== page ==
1. Every state of the universe is sufficiently caused by a previous state.
2’. An external cause of the universe can only exist if there is a state of the universe that was not sufficiently caused by a previous state of the universe.
3’. God, if He exists, is the external cause of the universe.
4’. Therefore, the universe has no external cause (from 1 and 2’)
5’. Therefore, God does not exist (from 3’ and 4’).
Notice that this form of the argument is logically valid, by the rule of logical inference known as modus ponens. Because an external cause of the universe requires there to be a state of the universe which is not sufficiently caused by a previous state, and every state of the universe is sufficiently caused by a previous state, there cannot be an external cause of the universe. Because God by definition is the external cause of the universe, He cannot exist. This reformulation makes the logical structure of the argument much clearer.
IV. What the Entailment Argument Actually Proves
I’d like to address the significance of the entailment argument. The theist could agree with the conditional statement, “if General Relativity is true, then there cannot be an external cause of the universe”, but deny that the “if-clause” is true. That is, they would argue that General Relativity does not actually tell us about the nature of time. This is because General Relativity is an incomplete theory of the world; it needs to be married to quantum mechanics, and no one’s sure how that’s going to be done. It might be the case that once we have a quantum theory of gravity, a first closed temporal interval of time will reappear, and by extension a first state of the universe, and premise (1) will be shown to be false. Indeed, this seems to be the case! William Lane Craig outlines this point as follows:
“A typical approach to marrying quantum theory to General Relativity involves describing the evolution of spacetime as a path integral (a sum over all possible paths) in superspace, which is a space of points respresenting three-dimensional configurations of the universe. The points of this configuration space can be regarded as instantaneous states or even as instants, but the fact that in the quantum theory one has a path integral, rather than a single path, makes it impossible to “stack” these instants into a unique history constituting a spacetime. So eventually the dividing process [of states of the universe caused by previous states]…becomes ill-defined in the theory. The fact that the first split-second of the universe’s existence as measured in cosmic time is not resolvable into a unique sequence of ever briefer states is not inconsistent with there being a first second of its existence.”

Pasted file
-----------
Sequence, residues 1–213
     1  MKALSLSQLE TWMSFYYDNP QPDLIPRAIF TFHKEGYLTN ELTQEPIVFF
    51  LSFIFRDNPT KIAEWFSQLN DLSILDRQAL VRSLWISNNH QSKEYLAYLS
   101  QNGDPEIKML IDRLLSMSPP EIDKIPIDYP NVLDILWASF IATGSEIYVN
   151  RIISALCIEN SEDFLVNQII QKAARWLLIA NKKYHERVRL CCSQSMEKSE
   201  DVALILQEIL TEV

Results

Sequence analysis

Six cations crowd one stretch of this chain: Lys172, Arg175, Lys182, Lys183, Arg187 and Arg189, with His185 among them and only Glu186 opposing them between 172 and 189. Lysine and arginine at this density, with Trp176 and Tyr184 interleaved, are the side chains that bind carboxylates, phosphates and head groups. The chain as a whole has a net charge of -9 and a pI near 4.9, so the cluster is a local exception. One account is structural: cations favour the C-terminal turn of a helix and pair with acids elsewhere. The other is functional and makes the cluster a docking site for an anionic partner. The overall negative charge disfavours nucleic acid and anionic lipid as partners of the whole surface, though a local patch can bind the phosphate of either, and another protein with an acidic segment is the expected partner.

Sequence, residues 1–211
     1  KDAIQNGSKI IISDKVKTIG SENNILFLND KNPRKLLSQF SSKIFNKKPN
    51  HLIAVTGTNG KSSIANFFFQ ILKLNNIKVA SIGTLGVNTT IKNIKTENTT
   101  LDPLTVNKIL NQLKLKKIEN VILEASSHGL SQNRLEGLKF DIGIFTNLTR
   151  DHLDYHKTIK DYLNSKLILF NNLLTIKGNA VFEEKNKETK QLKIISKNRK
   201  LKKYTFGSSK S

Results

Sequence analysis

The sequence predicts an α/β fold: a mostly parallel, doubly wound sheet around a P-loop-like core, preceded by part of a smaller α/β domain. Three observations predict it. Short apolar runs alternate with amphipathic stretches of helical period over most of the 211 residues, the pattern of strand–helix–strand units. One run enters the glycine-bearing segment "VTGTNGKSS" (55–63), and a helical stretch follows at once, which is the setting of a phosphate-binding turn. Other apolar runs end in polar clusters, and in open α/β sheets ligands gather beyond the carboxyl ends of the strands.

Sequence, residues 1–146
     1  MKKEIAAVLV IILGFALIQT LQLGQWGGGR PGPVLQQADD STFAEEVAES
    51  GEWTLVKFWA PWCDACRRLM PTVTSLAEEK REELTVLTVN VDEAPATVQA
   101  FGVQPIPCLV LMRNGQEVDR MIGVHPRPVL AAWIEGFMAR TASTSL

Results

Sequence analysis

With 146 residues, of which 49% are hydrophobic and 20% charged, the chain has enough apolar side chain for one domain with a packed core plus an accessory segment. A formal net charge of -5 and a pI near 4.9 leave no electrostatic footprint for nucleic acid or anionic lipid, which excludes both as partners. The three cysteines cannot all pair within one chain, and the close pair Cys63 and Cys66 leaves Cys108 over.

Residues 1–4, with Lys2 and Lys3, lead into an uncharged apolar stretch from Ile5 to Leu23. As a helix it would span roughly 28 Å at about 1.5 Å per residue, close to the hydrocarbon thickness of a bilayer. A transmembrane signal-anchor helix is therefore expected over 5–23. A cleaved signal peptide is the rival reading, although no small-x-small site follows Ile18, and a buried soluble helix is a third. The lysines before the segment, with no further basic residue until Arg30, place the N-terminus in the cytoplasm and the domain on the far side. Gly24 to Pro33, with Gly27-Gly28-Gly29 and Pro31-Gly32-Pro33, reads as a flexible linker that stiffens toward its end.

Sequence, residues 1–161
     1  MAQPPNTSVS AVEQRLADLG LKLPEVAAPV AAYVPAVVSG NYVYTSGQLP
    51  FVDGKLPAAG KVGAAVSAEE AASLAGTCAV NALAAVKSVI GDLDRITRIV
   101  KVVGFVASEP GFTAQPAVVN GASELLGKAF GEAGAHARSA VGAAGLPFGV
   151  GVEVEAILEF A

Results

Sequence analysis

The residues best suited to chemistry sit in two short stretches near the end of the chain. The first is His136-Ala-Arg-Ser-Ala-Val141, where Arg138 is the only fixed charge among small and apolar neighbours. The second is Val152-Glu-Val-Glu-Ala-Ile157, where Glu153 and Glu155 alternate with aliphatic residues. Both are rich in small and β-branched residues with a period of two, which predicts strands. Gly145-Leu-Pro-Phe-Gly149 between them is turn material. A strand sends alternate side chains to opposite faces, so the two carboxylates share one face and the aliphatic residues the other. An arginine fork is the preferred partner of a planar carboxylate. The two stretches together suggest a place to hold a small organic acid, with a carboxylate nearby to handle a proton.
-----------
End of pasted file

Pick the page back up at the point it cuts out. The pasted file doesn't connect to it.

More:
So on certain theories of quantum gravity, you don’t have a nice splicing of the universe into every briefer intervals of time that converge towards T=0 as a limit; there aren’t states of the universe which are all causally explained as you go backward in time. At the very least, we just don’t have enough information to conclude that premise (1) is true. But let this second point pass. Is the argument, on its own terms, sound? I think not.
V. Criticisms of the Entailment Argument
Let’s turn to premise (1) – every state of the universe is sufficiently caused by a previous state.
First, the careful reader will notice that all of section IV of Mitchell’s article argues that there cannot be a first closed interval of time. But as I already pointed out, there’s no contradiction in asserting that the first interval of time is half-open; indeed, that seems to be what General Relativity implies! The first interval of time can then be expressed as follows: 0 < t ≤ 1, and you can adopt any unit of measure you wish, whether seconds, minutes, hours, etc. Of course, there is no first state of time in the sense of a first instant of time, but that’s not how Mitchell or I define “first state of time.”